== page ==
Southeast Asian leaders were holding meetings with top US, Chinese and Japanese officials in Indonesia on Wednesday, where big power rivalries and regional issues from the South China Sea to North Korean missiles were on the table.
Issued on: Modified:
The 10-member Association of Southeast Asian Nations (ASEAN) was holding separate summits with China, Japan, South Korea, the United States and Canada, providing an arena for big powers to lobby the bloc.
US Vice President Kamala Harris is attending in place of President Joe Biden, while Chinese Premier Li Qiang is taking part instead of President Xi Jinping.
“We seek common ground while setting aside differences. We both have a relentless pursuit of peace,” Li said in opening remarks at the ASEAN-China summit.
“As long as we keep to the right path, no matter what storm may come, China-ASEAN cooperation will be as firm as ever… against all odds.”
Wednesday’s meetings will be more regional in scope before an 18-member East Asia Summit on Thursday to be attended by Russian Foreign Minister Sergei Lavrov, where broader geopolitical issues are expected to top the agenda.
The Russian embassy in Indonesia posted an image of Lavrov arriving in Jakarta on Wednesday.
“At both summits, the vice president will underscore the United States’ enduring commitment to the Indo-Pacific generally and to ASEAN centrality specifically,” US National Security Advisor Jake Sullivan told reporters Tuesday, using another term for the Asia-Pacific region.
Japanese Prime Minister Fumio Kishida and South Korean President Yoon Suk Yeol were attending both days of meetings.
They will meet with Li at an ASEAN plus three summit where a row between China and Japan over the release of treated wastewater from the Fukushima nuclear plant could again come to the fore.
Host Indonesia told an ASEAN leaders’ summit on Tuesday that the bloc would not become a proxy for big power competition as US-China tensions continue to flare over Taiwan, the South China Sea and Russia’s invasion of Ukraine.
The roundtable including Lavrov and Harris would be the first high-level US-Russia encounter since a foreign ministers’ meeting in Jakarta in July, where US and European officials rounded on Moscow’s top diplomat over the Ukraine conflict.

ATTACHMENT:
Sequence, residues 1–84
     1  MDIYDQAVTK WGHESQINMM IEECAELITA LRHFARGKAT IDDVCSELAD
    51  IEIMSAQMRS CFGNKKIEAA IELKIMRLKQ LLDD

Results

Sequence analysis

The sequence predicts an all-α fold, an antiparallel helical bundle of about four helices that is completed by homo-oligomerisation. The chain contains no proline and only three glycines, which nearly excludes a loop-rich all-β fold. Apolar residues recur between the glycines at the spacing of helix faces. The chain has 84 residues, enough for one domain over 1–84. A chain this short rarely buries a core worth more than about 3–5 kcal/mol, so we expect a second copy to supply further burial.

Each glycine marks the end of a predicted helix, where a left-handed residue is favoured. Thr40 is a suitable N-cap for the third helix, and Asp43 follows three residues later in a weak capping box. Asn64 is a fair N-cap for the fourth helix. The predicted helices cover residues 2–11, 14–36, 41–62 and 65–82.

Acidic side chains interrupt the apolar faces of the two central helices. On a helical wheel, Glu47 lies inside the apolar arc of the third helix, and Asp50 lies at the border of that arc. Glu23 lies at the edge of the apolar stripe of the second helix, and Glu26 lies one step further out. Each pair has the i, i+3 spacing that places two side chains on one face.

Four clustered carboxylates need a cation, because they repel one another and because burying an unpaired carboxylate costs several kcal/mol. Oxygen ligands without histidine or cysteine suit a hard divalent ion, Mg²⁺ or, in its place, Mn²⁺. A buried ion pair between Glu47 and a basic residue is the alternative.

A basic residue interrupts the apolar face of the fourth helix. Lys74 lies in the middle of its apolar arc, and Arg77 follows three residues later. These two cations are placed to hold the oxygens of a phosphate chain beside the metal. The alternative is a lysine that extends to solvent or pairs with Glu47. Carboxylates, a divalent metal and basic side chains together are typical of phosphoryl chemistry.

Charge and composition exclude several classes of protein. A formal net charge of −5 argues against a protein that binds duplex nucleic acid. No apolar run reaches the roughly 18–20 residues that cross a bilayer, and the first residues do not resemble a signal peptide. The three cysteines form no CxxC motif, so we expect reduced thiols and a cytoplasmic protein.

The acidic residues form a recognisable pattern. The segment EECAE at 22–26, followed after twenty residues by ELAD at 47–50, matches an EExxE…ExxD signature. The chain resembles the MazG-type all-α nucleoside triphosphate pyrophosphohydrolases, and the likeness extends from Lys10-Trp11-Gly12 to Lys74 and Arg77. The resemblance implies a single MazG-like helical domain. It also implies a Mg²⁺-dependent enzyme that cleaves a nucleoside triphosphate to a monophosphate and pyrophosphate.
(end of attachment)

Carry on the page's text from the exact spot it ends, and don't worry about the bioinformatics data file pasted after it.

A Southeast Asian diplomat present at Wednesday’s meetings told AFP they would conclude with joint statements about closer diplomatic, economic and food security collaboration between the powers and ASEAN.
Li was scheduled on Wednesday to visit a Beijing-funded high-speed rail project between Jakarta and the Javan city of Bandung, Indonesian officials said.
On Thursday ASEAN leaders will host summits with Indian Prime Minister Narendra Modi, Australian Prime Minister Anthony Albanese and United Nations Secretary General Antonio Guterres.
Albanese addressed a regional forum in Jakarta on Wednesday where he said Canberra sought closer engagement and economic ties with Southeast Asian nations.
Other regional issues such as North Korea’s ballistic missile launches are also expected to feature prominently.
South Korea’s Yoon, in an interview with Indonesian newspaper Kompas on Tuesday, said he would push for ASEAN to “join forces” with Seoul to counter Pyongyang’s nuclear threats.
Myanmar will also be a major issue at the summits with China — a key diplomatic ally of the junta.
On Tuesday, Southeast Asian leaders strongly condemned the violence and attacks on civilians in Myanmar, directly blaming the junta.
China also upset several ASEAN members last week when it released a new official map claiming sovereignty over the majority of the South China Sea.
It sparked sharp rebukes from across the region, including Malaysia, Vietnam and the Philippines.
Japan said late Tuesday it had lodged a “strong protest” against Beijing over the map and called for its retraction, government spokesman Hirokazu Matsuno told a briefing.
The Southeast Asian diplomat who spoke to AFP said joint statements from the meetings will “contain references to the South China Sea and Myanmar”.
In a draft ASEAN chair statement to be issued this week seen by AFP, leaders were to express concern about “land reclamations, activities, serious incidents” in the waterway.
But to avoid angering Beijing, experts said ASEAN leaders were unlikely to confront Li.
“I predict… the leaders will avoid discussing confrontational issues such as China’s new map,” Aleksius Jemadu, a foreign affairs expert at Indonesia’s Pelita Harapan University, told AFP.
“They won’t risk the relationship with big powers.”